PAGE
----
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The Allegory of the Cave

Essay by   •  November 26, 2010  •  Essay  •  710 Words (3 Pages)  •  1,208 Views

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Plato believes that most people live in mental caves of ignorance and never perceive the truth. Assume, for sake of argument, that Plato is correct. How can the study of philosophy help remedy this situation?

Assuming Plato is correct is assuming that to attain the status of being able to see the truth, you have to be able to see past the shadows on the wall and realize that you can turn your head to the minds reality and see that there is more to the truth of being then what you can physically see with your own two eyes. In other words the study of philosophical means enabling our minds to see the truth about reality. Also, if Plato is correct, the soul of man inherently contains knowledge of good but can only perceive this in degrees of experience until the highest level of knowledge is attained.

Agreeing with this whole heartedly is a different story for me though. This analogy brings to mind an allegory called Flatland, a Romance of Many Dimensions. Here in this two dimension world the main character has a "vision" of a 1D world where its inhabitants only exist on a line as dots. The 2D creature tries his best to convince the king that his world is not the complete truth of things and tries to prove this by slipping in and out of his dimension. The king merely sees a dot (one small slice of the 2D being) and is not impressed as he looks just like any other of the people in this 1D world. The 2D character awakes perplexed by the dream. This 2D character is visited by a 3D being (first a cube and then a sphere) later on in the story. To convince the 2D creature that there is another dimension "above" and "below" his own, the cube tells him what is in the cupboards and says he can see the entire city and the people in their houses and the contents of their rooms and cupboards as well, all at the same time. He also moves objects from cupboard to cupboard without opening the door to try and get the idea of up and down. Also the sphere tries to prove that there exists a dimension above his own by coming in and out of this flat 2D world at will. To the amazement of the 2D creature the sphere appears and disappears at will, changing size from small to large and back again!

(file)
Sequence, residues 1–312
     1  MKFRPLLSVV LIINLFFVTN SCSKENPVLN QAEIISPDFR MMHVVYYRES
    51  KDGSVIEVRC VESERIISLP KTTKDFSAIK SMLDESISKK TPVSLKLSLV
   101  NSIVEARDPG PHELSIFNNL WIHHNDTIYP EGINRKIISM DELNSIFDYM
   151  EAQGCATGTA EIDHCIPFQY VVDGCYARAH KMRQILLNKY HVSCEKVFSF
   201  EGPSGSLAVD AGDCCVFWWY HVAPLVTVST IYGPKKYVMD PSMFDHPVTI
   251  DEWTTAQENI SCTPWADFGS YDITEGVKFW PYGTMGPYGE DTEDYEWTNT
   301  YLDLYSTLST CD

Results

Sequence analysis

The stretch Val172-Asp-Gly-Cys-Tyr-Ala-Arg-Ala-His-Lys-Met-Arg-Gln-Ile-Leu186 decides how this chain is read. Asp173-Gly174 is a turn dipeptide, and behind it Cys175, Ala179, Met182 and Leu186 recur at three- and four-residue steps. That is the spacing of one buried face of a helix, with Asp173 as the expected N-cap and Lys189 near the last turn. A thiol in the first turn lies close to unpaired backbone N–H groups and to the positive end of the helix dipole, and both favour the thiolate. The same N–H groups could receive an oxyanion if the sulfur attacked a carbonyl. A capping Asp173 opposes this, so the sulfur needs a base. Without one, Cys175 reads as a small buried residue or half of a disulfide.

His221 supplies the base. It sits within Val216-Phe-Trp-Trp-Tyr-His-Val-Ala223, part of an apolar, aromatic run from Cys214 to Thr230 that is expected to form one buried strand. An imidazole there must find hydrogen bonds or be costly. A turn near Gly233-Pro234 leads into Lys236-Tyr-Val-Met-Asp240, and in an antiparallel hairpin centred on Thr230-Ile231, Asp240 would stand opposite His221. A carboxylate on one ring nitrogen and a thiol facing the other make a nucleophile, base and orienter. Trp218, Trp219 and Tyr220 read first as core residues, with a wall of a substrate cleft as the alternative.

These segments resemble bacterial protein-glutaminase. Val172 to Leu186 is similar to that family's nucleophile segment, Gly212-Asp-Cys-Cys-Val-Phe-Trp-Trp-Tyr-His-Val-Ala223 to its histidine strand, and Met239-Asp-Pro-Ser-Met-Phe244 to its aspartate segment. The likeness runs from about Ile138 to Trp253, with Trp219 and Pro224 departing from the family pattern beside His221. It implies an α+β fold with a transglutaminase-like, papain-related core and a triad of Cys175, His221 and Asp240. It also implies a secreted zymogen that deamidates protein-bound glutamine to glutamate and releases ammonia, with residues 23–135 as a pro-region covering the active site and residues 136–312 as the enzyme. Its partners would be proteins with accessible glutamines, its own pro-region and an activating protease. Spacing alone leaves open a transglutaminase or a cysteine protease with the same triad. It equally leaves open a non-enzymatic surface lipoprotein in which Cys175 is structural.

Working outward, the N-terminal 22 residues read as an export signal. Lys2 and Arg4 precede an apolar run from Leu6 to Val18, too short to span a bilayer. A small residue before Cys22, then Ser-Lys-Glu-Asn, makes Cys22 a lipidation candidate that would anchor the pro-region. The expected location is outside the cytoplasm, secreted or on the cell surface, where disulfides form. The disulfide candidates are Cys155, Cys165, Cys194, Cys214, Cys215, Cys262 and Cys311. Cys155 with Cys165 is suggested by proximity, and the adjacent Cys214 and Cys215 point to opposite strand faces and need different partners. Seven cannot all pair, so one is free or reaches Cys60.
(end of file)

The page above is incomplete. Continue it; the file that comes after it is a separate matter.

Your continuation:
In then end, the sphere takes the 2D being out of his dimension into the 3D world. The 2D being is perplexed and confused beyond belief. He is reeling from the sights as he is pulled from his

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